Storytelling in VR — Lessons from Disneyland

We all probably agree that VR is so new that it’s difficult to grasp how we can best leverage the immersive medium to take advantage of its powerful capabilities. Add to the fact that as I sit here typing this article at this very moment, there are a plethora of headsets to choose from and equal amount of platforms to watch VR content on — it’s a pretty painful exercise just accessing the stuff. With so many unknown variables and content creators still at the “experimental” stage, a common question has arisen: Is there a place for VR storytelling that would allow you to experience a different world without leaving your house — and if so, whats the best way to build it?

The answer seems obvious but the path to achieve such a world has not yet been paved, leaving innovators with a carte-blanche to build out the medium. Thus far, there have been some pretty novel attempts at defining VR storytelling’s best practices, and some of the answers have a surprising birthplace from other industries.

Virtual Reality Can Learn a Lot from Theme-Parks

I attended a new Meetup titled ‘AR/VR Munch & Learn’ — a gathering for VR enthusiasts in the San Francisco- Bay Area, organized by Google tech guru Mohammad Musa. Visual storyteller Josh Anon, the first enthusiastic speaker of the evening, compared VR storytelling experience to being in Disneyland.

“Theme park designers have figured how to direct people to certain parts of the park […]with rides you have freedom to look around while still being part of an overarching experience”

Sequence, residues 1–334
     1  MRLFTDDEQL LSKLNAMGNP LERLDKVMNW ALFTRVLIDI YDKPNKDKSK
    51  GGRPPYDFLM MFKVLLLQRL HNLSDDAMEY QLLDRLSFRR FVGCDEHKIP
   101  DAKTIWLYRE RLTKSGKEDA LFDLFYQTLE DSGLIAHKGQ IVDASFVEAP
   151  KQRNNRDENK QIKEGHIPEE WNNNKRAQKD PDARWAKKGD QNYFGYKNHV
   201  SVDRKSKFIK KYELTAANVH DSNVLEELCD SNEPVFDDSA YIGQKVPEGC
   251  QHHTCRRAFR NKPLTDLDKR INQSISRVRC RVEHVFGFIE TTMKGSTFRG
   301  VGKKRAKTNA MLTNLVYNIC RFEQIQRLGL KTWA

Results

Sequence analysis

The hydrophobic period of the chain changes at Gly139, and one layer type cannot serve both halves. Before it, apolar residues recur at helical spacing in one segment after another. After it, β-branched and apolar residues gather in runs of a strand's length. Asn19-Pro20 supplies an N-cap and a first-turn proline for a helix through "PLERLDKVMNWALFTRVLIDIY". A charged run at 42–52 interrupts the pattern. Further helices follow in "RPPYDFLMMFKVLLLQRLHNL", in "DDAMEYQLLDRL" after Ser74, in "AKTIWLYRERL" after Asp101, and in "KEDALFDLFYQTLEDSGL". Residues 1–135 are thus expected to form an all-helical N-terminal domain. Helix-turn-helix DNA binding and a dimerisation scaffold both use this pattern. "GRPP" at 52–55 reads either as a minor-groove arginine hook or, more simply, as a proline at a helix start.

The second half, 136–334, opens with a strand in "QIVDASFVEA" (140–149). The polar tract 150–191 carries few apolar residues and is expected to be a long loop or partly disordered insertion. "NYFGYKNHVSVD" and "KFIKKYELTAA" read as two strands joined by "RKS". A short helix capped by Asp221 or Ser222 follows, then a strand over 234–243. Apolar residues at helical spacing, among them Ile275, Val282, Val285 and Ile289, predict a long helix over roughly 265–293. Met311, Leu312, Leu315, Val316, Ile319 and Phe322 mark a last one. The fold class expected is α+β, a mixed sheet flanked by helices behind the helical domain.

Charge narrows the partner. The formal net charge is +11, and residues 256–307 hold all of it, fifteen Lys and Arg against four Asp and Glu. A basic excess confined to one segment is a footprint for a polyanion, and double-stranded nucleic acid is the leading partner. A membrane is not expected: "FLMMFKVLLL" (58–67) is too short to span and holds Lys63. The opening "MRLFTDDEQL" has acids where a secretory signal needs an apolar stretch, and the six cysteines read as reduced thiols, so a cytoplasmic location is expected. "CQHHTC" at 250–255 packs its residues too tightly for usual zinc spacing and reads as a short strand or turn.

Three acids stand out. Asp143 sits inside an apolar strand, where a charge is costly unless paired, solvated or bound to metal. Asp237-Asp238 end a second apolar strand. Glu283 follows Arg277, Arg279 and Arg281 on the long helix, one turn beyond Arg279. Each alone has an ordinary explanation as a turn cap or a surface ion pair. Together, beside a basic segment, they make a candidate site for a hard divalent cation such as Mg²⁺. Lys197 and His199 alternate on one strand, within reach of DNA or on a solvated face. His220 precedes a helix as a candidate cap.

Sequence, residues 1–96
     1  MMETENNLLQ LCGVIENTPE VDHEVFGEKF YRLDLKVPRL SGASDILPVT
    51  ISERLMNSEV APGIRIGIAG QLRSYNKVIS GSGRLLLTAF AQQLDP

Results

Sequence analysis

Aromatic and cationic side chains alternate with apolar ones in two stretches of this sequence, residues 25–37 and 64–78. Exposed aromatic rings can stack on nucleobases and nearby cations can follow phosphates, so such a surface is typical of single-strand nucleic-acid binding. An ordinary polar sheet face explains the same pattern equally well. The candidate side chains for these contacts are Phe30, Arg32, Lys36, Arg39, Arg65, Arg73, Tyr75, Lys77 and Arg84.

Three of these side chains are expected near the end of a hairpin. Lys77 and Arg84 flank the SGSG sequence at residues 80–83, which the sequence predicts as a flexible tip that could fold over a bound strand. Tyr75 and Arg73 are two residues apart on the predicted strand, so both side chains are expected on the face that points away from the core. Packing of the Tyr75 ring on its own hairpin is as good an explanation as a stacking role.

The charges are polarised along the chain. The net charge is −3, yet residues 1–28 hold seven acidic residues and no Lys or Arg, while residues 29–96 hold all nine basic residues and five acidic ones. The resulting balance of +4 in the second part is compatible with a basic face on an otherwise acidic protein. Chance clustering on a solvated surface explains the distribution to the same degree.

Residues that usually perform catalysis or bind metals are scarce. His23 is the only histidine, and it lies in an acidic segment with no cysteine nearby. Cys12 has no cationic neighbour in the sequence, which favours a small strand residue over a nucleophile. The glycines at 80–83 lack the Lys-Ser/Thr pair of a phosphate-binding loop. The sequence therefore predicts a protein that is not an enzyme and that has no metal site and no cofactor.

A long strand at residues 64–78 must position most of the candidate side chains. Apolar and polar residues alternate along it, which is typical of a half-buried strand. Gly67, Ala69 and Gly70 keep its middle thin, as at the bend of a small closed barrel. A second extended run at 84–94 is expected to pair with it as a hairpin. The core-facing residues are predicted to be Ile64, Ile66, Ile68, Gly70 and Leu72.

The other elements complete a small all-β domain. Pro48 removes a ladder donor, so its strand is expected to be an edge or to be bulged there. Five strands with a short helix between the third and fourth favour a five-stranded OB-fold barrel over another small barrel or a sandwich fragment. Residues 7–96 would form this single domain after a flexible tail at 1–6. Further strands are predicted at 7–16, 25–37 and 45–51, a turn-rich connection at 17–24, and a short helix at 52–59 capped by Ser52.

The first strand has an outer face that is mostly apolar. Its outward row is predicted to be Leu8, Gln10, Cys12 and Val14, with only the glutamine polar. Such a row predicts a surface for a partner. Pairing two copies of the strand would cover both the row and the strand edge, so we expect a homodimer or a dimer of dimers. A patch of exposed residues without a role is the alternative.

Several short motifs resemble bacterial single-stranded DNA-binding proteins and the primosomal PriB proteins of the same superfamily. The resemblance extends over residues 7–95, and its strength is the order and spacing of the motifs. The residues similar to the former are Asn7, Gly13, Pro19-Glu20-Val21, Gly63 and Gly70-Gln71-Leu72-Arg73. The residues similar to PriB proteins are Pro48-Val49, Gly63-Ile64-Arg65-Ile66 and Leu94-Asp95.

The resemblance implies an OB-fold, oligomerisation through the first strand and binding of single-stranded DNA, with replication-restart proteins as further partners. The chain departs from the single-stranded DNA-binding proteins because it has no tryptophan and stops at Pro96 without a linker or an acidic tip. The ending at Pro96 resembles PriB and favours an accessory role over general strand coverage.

According to Josh, VR content creators don’t yet utilize all the space that’s possible for the viewer to explore. They are still in the habit of steering the viewer to the story they want to tell versus filling the environment with details, paths, doors, micro worlds for the viewer to explore themselves. The lack of filling the environment with interesting objects creates a lost opportunity in VR. Below is the excerpt from the presentation making this point.

Analytics to Guide Your VR Story

Along with a different way to tell the story, analytics on what works and what doesn’t in an experience, from a UX perspective, has become very important. Digital content marketing analytics in a 2D world is simple: clicks, views, length of viewing, downloads, etc. But leveraging analytics for VR becomes fundamentally different. In fact it seeks to answer a much more profound question about the medium itself: How do you measure VR content engagement where sound plays a huge role, where each user’s head movement in a headset indicates something subtle about a producer’s story arch, etc.? Retinad is working on technology that aims to analyze the engagement in virtual reality world.

Director of Developer Relations, Alexander Haque, the second speaker of the evening, dove into the importance of data and building compelling VR experiences.

Sound, story details and mini environments in VR world are what makes a story-telling experience great and helps the audience want to come back and continue exploring and discovering additional story paths.

Please let me know in the comments below what interests you when it comes to VR/AR/360 video. If you are interested to learn more about what’s happening in this space, you can attend an upcoming Meetup on VR/AR in Silicon Valley. I hope to see you there.
-Loreta Tarozaite is our guest-blogger and Sr. Video Producer at Sandisk. Loreta is very passionate about startups and founder stories, entrepreneurship, Silicon Valley, technology and beyond. You contact her to learn how she can help your video marketing needs.
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